May 2006

Issue CoverView Full Print Edition

Business Briefs

Veridium sells corn oil extraction technology



The Way I See It

By Mike Bryan

Editor's note

By Tom Bryan

NBB In Sight

By Scott Hughes

Legal Perspective

By Mark Hanson and Todd Guerrero

Talking Point

By Mark Palmer


Time Testing

By Dave Nilles

As the industry matures, the lifespan of today's dry-grind ethanol facilities is becoming increasingly important. Producing more ethanol now is the order of the day. But as the renewable fuel becomes a mainstay of the United States' transportation fuel infrastructure, can ethanol plants—the physical structures themselves and the equipment within them—last as long as consumer demand for the product?

On first thought, a great place to locate an ethanol plant seems to be where others have labored to lay the groundwork before—on a brownfield site. But the fact is most U.S. ethanol plants, both operating and under construction, choose the greenfield route to project development, effectively discounting the benefits of building brown.

Once the void left by the MTBE phase out is filled and the RFS is met, what's next for the ethanol industry? Is a construction slowdown—or abrupt halt to the build-out—on the horizon? No one claims the sky is falling, but potential investors need to be aware that projecting domestic market growth is, even for the industry's top experts, somewhat of a guessing game.

Export Strategies Simmer

By Nicholas Zeman

Right now, meeting the growing demand for ethanol at home is priority No. 1 for U.S. producers, and knowing if and when domestic consumption will level out is a guessing game. But when production does eventually outpace demand—yes, history says that will happen—there will be producers and marketers jumping on market opportunities abroad. The question today, then, is not whether ethanol export markets will arise, but whether American suppliers will have a significant part in them.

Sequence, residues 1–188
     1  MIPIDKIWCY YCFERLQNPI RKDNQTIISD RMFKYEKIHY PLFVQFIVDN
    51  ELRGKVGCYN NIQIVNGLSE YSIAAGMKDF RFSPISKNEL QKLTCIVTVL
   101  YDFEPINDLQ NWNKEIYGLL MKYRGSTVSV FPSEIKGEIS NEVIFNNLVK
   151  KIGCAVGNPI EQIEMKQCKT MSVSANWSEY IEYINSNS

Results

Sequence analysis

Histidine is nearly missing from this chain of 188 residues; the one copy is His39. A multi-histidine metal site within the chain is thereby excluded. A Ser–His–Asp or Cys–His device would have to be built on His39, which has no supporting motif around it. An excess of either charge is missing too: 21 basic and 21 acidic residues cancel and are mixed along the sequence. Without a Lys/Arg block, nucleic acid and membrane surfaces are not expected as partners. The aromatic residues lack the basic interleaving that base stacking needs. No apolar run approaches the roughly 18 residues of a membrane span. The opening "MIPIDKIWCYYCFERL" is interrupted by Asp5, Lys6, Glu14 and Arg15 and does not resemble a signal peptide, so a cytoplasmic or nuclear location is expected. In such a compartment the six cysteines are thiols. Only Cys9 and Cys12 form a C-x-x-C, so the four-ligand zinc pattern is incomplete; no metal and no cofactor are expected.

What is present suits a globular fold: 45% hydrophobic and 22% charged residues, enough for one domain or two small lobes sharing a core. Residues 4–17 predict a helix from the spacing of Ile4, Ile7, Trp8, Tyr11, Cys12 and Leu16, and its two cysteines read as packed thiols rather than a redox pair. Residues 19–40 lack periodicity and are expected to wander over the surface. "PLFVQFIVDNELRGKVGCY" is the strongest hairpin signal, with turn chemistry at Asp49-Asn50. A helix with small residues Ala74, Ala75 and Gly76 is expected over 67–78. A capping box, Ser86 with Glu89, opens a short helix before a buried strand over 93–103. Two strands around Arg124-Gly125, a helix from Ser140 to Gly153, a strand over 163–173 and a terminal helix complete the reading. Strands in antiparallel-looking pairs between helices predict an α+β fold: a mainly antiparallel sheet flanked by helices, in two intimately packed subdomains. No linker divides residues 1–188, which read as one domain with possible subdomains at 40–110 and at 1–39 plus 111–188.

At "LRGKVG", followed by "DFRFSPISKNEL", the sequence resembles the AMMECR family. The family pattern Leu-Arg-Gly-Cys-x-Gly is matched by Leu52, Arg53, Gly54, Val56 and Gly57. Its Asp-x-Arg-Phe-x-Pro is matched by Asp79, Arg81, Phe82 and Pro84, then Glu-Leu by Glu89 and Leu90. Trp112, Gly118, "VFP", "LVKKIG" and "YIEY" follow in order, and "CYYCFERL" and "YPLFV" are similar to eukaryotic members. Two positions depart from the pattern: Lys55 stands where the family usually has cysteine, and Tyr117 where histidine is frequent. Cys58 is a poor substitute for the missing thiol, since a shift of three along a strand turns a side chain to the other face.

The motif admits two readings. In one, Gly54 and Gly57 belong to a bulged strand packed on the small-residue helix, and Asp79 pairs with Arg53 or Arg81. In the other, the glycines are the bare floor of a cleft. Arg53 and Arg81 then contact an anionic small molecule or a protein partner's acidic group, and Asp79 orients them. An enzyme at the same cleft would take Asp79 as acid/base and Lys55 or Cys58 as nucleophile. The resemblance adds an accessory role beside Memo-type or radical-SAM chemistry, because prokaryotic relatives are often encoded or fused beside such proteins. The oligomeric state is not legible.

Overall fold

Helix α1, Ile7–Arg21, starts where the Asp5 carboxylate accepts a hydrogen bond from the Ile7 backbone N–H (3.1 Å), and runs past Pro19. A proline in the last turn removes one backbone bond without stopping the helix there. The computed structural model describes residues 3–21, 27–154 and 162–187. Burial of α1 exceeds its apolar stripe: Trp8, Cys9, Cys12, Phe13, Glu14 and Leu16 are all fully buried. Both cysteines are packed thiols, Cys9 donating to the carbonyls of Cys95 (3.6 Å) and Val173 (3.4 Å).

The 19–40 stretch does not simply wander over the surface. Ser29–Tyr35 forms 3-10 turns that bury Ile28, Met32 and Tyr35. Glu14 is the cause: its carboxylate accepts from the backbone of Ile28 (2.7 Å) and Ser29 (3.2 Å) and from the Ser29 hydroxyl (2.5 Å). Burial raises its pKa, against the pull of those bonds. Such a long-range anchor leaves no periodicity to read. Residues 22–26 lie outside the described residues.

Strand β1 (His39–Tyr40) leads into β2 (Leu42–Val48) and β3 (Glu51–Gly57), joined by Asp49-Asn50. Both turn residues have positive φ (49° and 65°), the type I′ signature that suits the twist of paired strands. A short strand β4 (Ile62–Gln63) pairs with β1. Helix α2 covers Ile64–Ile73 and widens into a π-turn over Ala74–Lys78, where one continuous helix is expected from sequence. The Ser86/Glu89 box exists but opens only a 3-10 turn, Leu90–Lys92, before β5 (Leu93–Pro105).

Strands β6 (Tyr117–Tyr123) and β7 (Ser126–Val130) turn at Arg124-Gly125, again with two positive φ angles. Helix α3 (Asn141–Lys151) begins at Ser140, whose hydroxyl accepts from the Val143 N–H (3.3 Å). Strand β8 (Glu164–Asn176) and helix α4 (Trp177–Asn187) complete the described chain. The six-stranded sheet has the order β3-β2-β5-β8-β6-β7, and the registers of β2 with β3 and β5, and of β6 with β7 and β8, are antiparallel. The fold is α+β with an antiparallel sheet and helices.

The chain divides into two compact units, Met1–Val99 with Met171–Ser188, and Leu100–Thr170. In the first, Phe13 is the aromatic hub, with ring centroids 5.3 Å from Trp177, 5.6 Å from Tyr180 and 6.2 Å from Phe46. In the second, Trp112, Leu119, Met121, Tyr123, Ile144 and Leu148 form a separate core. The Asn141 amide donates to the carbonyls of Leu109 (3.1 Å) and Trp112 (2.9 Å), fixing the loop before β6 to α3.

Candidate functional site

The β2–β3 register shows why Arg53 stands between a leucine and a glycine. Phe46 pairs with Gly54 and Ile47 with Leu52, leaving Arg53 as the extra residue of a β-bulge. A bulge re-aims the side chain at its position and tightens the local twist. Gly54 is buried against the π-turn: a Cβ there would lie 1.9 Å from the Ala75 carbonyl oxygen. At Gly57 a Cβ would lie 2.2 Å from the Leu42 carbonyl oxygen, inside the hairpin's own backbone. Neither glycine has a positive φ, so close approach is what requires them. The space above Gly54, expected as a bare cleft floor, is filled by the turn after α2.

In today's pro-ethanol climate, the drive to produce this renewable fuel for the unquenchable domestic markets is strong, without a doubt. This environment has helped spawn what some have called a "new generation" of giant dry mills under construction in the United States to meet these market demands. Here, EPM takes a look at how this shift in philosophy could influence a project's bottom line, for better or worse.

Proposed Ethanol Plant List: 2006

By Anduin Kirkbride McElroy, Holly Jessen, Nicholas Z

It's time once again for EPM's annual, and highly anticipated, list of proposed ethanol plants in the United States and Canada. All we have to say is, it's getting bigger!

Incorporating biofuels into an infrastructure dominated by petroleum is the next practical step in reaching greater energy independence for the United States. As the biodiesel industry expands, so too does the supply chain matrix that supports it. The journey biodiesel takes from the facilities where it is produced to the pumps where it is dispensed is an integral, yet low-key, segment of the industry.

By no means has every American biodiesel producer and distributor jumped on board with BQ-9000, but interest is steadily increasing with each passing month. Does the program have what it takes to shape the future of the industry?

Another Good Winter for Bioheat

By Anduin Kirkbride McElroy

Bioheat-biodiesel blended at various levels with residential heating oil-has been gaining considerable support and market growth over the past three years, especially in the Northeast where heating oil is still predominantly used to heat homes and buildings. After this past heating season and projecting into the next, some claim that bioheat is more than just a niche market. Rather, it represents "an explosive time for the industry," a time for which bioheat is getting fired up.

Change is the constant denominator in the fuel distribution business. From the introduction of ultra-low-sulfur diesel to demand growth and from industry consolidation to product proliferation-it's a lot for any one company to rein in. That's why biodiesel producers and consumers alike are searching for seamless integration through companies such as TransMontaigne.

Sign up for our e-newsletter!
BBI International Logo

@ Copyright 2024 - BBI International - All rights reserved.